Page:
Mid-century modern designer Ernest Race was a prominent British textile and furniture designer. Race produced some of the most iconic furniture designs of his generation in a relatively short career like the BA3 Aluminum Chair, the Antelope Chair, DA1 Chair, Springbok Chair. He pioneered many ingenious furniture making techniques in the immediate post-war period and was one of the leading advocates of post-war British modernism. He was made a Royal designer for the industry in 1953
Ernest Race was born in Newcastle upon Tyne, United Kingdom in 1913. In 1932, he graduated in interior design from The Bartlett UCL Faculty of The Built Environment. After graduating, he joined lighting firm Troughton & Young as a draughtsman. This gave him exposure to the Britain’s budding Mid-Century Modernist scene as many of the commissions were used in Modernist buildings. Race opened his own textiles and carpets selling shop in Knightsbridge in 1937, after a trip to India. He spent the war in the Auxiliary Fire Service in London and during this time he began designing unit furniture. His furniture career really began only after the war. Engineer J.W. Noel Jordan had placed an advert in the Times for a furniture designer and upon answering the advert, Race and Jordan together founded Ernest Race Ltd.
With his Mid-century modern style, Race produced a series of simple chairs, tables, and benches that have lost none of their modernist looks over the years. In 1945-46, responding to the government’s call to manufacture furniture from new materials that were more available – like aluminum instead of wood which was scarce – Race began producing furniture using available materials: particularly aluminum and steel. His skill was to use ingenious manufacturing processes to create modern furniture from recycled materials. Race believed that designers failed if they merely copied a design from one material to another, instead of exploiting the potential of the specific material.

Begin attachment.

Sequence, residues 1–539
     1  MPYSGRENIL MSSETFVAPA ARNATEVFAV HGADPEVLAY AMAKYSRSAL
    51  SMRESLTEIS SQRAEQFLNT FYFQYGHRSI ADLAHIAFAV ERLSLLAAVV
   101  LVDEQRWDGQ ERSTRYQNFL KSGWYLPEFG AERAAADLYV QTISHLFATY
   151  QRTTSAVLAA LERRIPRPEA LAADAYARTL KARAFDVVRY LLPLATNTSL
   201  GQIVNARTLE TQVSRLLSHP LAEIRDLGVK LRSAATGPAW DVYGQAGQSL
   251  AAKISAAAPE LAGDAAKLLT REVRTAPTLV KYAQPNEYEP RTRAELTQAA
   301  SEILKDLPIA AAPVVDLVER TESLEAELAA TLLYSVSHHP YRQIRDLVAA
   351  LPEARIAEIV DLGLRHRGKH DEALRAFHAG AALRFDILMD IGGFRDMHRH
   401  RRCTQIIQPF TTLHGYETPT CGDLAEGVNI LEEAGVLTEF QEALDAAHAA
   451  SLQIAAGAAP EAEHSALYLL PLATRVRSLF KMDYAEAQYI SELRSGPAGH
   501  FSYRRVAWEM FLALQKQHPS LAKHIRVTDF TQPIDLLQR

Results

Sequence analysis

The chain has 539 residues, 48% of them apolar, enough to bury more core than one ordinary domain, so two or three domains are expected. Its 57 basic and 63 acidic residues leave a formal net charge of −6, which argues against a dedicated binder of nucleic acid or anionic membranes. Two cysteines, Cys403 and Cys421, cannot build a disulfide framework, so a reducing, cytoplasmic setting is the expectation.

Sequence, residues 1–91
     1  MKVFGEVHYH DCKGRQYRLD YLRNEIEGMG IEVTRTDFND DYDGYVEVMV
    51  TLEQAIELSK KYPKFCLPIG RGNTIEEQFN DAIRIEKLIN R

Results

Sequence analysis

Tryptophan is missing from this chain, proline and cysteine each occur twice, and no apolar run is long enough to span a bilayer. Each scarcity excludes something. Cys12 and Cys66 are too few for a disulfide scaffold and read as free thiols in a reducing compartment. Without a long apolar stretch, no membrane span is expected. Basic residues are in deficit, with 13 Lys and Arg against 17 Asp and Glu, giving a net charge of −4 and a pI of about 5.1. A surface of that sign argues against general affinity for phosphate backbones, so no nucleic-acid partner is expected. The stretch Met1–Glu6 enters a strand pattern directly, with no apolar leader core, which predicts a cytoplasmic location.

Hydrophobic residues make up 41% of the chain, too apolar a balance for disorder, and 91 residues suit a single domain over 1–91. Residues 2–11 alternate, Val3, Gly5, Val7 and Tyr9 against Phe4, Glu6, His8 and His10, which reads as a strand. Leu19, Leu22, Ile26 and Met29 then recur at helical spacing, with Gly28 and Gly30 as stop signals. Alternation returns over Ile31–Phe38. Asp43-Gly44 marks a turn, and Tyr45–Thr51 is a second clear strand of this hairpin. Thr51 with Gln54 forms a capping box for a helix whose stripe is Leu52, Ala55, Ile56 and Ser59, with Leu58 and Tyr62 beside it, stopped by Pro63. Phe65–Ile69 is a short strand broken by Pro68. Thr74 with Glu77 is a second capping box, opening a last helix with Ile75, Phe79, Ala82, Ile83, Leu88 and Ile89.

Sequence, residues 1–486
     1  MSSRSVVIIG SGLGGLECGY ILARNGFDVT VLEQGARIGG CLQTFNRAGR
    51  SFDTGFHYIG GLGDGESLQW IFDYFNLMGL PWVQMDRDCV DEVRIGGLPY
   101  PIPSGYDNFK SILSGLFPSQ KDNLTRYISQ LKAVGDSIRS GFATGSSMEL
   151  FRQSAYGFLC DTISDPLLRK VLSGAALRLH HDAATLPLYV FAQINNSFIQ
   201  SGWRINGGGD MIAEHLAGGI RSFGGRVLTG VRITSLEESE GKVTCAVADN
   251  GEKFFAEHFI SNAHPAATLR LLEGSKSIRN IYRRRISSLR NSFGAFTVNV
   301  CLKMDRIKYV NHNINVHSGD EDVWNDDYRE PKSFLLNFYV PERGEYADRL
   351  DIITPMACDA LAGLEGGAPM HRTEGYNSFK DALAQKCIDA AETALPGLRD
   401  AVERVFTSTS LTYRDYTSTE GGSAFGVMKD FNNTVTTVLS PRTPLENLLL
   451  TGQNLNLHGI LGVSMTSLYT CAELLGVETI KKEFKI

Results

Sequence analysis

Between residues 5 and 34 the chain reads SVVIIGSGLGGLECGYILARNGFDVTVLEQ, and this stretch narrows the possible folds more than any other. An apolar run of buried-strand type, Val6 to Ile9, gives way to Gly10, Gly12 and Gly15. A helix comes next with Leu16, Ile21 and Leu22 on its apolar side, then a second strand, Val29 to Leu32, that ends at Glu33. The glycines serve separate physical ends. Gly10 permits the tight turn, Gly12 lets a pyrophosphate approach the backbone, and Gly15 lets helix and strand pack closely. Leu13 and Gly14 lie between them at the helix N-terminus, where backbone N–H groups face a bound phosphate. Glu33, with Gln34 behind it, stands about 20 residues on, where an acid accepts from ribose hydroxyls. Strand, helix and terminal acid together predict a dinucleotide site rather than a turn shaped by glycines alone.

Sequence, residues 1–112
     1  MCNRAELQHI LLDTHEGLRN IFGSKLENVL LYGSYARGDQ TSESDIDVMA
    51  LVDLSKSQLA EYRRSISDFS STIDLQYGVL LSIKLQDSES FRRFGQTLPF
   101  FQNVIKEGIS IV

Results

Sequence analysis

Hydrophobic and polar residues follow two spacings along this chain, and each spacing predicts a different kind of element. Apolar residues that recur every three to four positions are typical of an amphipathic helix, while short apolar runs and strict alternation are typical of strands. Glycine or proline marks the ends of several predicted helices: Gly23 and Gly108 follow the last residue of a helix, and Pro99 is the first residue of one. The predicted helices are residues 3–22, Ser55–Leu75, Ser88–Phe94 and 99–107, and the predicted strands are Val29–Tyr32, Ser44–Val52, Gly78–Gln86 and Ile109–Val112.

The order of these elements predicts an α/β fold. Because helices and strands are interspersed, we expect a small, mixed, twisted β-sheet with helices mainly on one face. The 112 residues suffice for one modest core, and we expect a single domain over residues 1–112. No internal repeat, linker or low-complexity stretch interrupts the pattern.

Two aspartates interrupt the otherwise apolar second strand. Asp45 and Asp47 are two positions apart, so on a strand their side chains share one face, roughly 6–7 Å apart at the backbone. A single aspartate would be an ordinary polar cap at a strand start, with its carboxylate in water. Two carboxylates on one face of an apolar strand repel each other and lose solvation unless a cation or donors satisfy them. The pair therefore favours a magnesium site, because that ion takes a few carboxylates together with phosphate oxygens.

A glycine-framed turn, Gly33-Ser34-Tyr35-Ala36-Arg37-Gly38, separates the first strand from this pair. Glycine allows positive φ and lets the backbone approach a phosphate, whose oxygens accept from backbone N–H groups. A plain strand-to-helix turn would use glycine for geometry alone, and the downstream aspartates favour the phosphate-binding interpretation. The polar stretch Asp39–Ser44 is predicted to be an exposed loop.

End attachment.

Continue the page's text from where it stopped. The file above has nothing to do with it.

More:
The cast aluminum ‘BA3 Chair’ became the showpiece of the ‘Britain Can Make It’ exhibition of 1946 and also won a Gold Medal at the Milan Triennale of 1954.
In 1946, Ernest Race created the ‘DA1’ chair on the lines of the Wingback chair. He reconstructed this iconic piece of furniture for the modern environment, diminishing its bulk to create a more streamlined design. Race believed that ‘Bulk and weight are not synonymous with comfort’.
The ‘Antelope Chair’ and the ‘Springbok Chair’ were designed for the Festival of Britain in 1951. The Antelope Chair is possibly the most celebrated Ernest Race design and is now synonymous with the Festival of Britain. Race simply took a line and created a silhouette. Race’s furniture designs demonstrate an eccentric, English character that arguably has never been captured again and are relevant till today.